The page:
Priority One: First Base. As of right now, the Pirates have a platoon of Pedro Alvarez and Sean Rodriguez at first base. Pedro is a very streaky hitter, but hasn’t been able to sustain a hot streak longer than several at-bats, or at least it seems that way. He is also the worst defensive first baseman in baseball. Enter Sean Rodriguez; every seventh or eighth inning actually. Rodriguez is often put in late in games to provide actual defense at first base, but when he’s asked to bat, Rodriguez’s value plummets. He’s barely batting .200 and he’s usually only in the lineup against lefties, where he’s batting a horrid .186. The Pirates have announced today that they are not shopping Pedro, but they need an upgrade. They need another guy who can provide a good bat for the middle of the lineup and good defense. There’s really only one guy who I think the Pirates should go for: Mitch Moreland. He’s a solid left-handed bat who’s battled injuries for the majority of his career and is showing what he can do when healthy. He’s having a very solid year at the plate (.285/.329/.516 along with 16 HR and 51 RBI’s), provides good defense, and is very cheap at $2.95 million with another year of club control after this season. The Rangers are not shopping the 29 year-old, but they aren’t completely opposed to moving him if the price is right. According to Fox’s Ken Rosenthal, they want a young arm in return. It would be a highly sought-after arm too like Taillon, Glasnow, or Kingham. I think it’s worth the risk to give up a guy like Kingham for Moreland. I would even see if Texas would be interested in Pedro to be a part of the package since Moreland is an everyday first baseman. Pedro could then be on an AL team and be the DH he’s meant to be. Other attractive options for the Pirates could be Adam Lind or Mike Napoli. Lind is being targeted by the Cardinals to fill in for Matt Adams and Napoli could provide the proper righty-lefty platoon with Pedro, especially since Napoli hits left-handed pitching well with an OPS of .823.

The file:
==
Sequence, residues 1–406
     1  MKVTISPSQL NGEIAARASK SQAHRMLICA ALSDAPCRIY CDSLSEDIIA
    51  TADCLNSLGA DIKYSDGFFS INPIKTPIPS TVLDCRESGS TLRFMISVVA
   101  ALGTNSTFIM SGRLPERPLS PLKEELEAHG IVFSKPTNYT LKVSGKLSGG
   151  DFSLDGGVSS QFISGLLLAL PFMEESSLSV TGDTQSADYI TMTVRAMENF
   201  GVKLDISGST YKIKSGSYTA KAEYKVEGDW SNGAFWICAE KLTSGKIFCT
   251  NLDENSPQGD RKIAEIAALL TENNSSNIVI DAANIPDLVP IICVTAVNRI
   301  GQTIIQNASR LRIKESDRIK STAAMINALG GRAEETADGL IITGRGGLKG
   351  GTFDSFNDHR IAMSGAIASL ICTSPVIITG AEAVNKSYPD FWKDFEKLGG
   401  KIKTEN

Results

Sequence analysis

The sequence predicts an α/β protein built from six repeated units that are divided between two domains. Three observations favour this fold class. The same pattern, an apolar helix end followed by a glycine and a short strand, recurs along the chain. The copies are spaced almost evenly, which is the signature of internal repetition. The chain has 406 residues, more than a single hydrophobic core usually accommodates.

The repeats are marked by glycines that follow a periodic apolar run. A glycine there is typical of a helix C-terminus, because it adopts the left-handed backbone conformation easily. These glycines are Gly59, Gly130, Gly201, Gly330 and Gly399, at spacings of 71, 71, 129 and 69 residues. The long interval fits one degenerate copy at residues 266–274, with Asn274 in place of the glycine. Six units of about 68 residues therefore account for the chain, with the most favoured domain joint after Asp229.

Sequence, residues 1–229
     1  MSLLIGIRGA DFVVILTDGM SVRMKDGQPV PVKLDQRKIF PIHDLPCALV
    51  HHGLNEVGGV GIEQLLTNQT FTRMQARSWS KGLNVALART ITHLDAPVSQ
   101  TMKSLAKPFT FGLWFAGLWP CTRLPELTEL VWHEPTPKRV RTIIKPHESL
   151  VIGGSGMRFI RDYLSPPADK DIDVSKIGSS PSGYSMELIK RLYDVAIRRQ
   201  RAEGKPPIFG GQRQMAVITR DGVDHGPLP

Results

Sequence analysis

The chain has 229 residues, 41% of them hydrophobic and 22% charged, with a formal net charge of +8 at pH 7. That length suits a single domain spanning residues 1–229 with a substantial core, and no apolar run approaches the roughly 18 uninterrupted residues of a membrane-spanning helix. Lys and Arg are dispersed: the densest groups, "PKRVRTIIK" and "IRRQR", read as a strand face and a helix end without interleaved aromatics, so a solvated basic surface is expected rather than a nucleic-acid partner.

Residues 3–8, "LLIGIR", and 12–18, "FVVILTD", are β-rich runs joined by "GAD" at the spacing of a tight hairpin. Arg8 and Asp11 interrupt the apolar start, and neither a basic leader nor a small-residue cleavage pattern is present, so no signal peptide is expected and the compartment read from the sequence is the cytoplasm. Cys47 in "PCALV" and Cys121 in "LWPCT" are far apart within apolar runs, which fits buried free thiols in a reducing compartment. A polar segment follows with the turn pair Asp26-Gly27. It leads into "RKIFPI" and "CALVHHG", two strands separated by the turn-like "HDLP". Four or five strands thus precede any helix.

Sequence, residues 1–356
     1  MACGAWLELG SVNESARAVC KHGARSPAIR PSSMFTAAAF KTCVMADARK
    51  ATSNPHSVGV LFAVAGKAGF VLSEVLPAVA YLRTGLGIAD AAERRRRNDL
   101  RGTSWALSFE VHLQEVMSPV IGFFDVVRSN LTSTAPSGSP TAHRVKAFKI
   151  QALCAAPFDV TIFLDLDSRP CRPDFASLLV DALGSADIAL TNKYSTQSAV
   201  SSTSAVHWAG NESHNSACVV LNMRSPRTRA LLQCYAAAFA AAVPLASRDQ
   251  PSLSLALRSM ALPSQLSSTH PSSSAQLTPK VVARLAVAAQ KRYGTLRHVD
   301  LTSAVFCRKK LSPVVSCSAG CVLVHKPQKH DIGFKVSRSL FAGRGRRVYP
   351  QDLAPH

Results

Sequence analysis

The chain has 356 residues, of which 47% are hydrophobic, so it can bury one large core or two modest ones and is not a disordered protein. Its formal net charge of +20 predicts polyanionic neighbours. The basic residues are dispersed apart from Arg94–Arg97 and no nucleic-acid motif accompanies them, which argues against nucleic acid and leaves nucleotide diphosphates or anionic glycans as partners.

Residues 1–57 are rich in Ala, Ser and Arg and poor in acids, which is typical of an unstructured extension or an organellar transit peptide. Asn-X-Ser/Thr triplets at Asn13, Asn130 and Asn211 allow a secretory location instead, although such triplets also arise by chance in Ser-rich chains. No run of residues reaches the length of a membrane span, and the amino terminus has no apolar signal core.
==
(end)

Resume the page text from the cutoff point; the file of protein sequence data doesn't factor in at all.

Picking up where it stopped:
Priority Two: Starting pitching. If baseball fans have learned anything in recent memory, it’s that starting pitching wins the World Series. Cole and Liriano are two great pitchers that can win games in the postseason. Burnett has been great this year, but his last two starts have been a concern. His age may be becoming a factor, but he’s battled back before and I think he still can. I’d love for him to be the fourth starter. The Pirates will more than likely not throw their hat into the Cole Hamels or possible David Price sweepstakes. Jeff Samardzija, J.A. Happ, Tyson Ross, Andrew Cashner, and Yovani Gallardo are names the Pirates could go after. I would like to see them get Samardzija. He’s had success at PNC Park and knows the division. He shouldn’t cost too much in terms of prospects, but his sizable contract could get in the way.

Priority Three: The bullpen. Melancon, Watson, and Hughes are arguably the best trio at the back end of any bullpen in baseball. But, the other four spots are all in question. Worley isn’t a bad option as the long reliever, but Guerra, Bastardo, and Caminero have become liabilities in the bullpen. I’d like to see the Pirates add an arm or two to really stabilize an already strong bullpen. Of course, deep starting pitching makes the bullpen even stronger.

Follow me on twitter @chalicke for continued Pirates coverage of the trade deadline.


412 Sports is not affiliated with the Pittsburgh Pirates or Major League Baseball. The views and opinions expressed on this site are those of the author and do not necessarily reflect or represent the views and opinions of the Pittsburgh Pirates or Major League Baseball. This site may contain content copyrighted by another person or entity. This site’s author claims no copyright to said content.